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Beehive cluster


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Here, a quick one ;)


Galileo was the first to observe the Beehive in a telescope, in 1609, and was able to resolve it into 40 stars. Charles Messier added it to his famous catalog in 1769 after precisely measuring its position in the sky. Along with the Orion Nebula and the Pleiades cluster, Messier's inclusion of the Beehive has been noted as curious, as most of Messier's objects were much fainter and more easily confused with comets. One possibility is that Messier simply wanted to have a larger catalog than his scientific rival Lacaille, whose 1755 catalog contained 42 objects, and so he added some bright, well-known objects to boost his list.[12]

Ancient Greeks and Romans saw this object as a manger from which two donkeys, the adjacent stars Asellus Borealis and Asellus Australis, are eating; these are the donkeys that Dionysos and Silenus rode into battle against the Titans.[13]

Hipparchus (c.130 BC) refers to the cluster as Nephelion ("Little Cloud") in his star catalog.[14]Claudius Ptolemy's Almagest includes the Beehive Cluster as one of seven "nebulae" (four of which are real[15]), describing it as "The Nebulous Mass in the Breast (of Cancer)".[16]Aratus (c.260-270 BC) calls the cluster Achlus or "Little Mist" in his poem Phainomaina.[14]

This perceived nebulous object is in the Ghost (Gui Xiu), the 23rd lunar mansion of ancient Chinese astrology. Ancient Chinese skywatchers saw this as a ghost or demon riding in a carriage and likened its appearance to a "cloud of pollen blown from willow catkins." It was also known by the somewhat less romantic name of Jishi qi (積屍氣, also transliterated Tseih She Ke), the "Exhalation of Piled-up Corpses".[14] It is also known simply as Jishi (積屍), "cumulative corpses."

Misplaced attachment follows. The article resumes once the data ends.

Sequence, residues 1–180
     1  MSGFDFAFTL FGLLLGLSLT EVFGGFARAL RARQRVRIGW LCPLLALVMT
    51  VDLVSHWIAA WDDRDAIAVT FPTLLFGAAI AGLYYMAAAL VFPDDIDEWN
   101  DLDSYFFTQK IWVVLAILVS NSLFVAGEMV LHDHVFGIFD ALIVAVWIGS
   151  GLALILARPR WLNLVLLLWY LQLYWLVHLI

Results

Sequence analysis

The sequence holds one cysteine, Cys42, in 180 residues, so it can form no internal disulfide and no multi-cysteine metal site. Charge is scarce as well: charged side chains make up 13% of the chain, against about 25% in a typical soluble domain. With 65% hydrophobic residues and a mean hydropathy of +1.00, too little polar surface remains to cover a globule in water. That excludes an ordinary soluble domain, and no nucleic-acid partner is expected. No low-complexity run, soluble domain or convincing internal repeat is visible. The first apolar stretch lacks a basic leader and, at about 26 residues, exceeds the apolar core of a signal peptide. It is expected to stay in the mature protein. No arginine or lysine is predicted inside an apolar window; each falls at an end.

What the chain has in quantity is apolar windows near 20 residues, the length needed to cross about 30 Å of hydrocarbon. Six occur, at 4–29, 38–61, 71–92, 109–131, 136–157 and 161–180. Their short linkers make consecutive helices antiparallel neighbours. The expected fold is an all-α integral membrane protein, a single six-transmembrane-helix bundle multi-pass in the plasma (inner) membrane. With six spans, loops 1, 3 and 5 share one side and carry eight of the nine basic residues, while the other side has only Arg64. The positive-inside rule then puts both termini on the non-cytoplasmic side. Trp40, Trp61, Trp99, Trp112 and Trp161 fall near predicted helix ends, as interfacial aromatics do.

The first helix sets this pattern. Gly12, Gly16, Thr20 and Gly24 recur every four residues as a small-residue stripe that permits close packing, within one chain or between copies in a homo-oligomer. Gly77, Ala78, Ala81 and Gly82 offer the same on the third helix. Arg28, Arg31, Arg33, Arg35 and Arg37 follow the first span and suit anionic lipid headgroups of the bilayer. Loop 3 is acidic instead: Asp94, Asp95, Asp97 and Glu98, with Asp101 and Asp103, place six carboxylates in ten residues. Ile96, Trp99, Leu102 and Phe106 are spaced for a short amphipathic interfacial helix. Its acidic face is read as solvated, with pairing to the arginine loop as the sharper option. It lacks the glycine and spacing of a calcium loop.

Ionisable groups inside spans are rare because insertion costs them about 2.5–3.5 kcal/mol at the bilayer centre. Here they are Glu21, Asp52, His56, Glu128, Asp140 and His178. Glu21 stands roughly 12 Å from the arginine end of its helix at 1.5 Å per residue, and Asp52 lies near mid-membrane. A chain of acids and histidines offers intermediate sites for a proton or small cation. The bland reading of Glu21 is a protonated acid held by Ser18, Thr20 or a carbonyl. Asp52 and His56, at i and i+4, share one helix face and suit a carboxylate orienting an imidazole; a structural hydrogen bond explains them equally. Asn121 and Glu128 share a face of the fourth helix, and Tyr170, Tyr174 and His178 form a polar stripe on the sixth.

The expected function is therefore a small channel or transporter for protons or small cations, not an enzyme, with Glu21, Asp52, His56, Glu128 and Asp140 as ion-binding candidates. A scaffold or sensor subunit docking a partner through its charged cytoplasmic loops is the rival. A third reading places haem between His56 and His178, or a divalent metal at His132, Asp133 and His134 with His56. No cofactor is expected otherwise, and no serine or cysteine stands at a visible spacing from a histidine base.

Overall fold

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According to Stephen James O'Meara's Deep Space Companion, the Messier Objects:

"To my knowledge, English observer John
Herschel was the first to call M44 the beehive.
in his 1833 Treatise on Astronomy, Herschel
writes, “in the constellation cancer, there is …
a luminous spot, called Praesepe, or the bee-
, which a very moderate telescope, – an
ordinary night glass, for instance, – resolves
entirely into stars."

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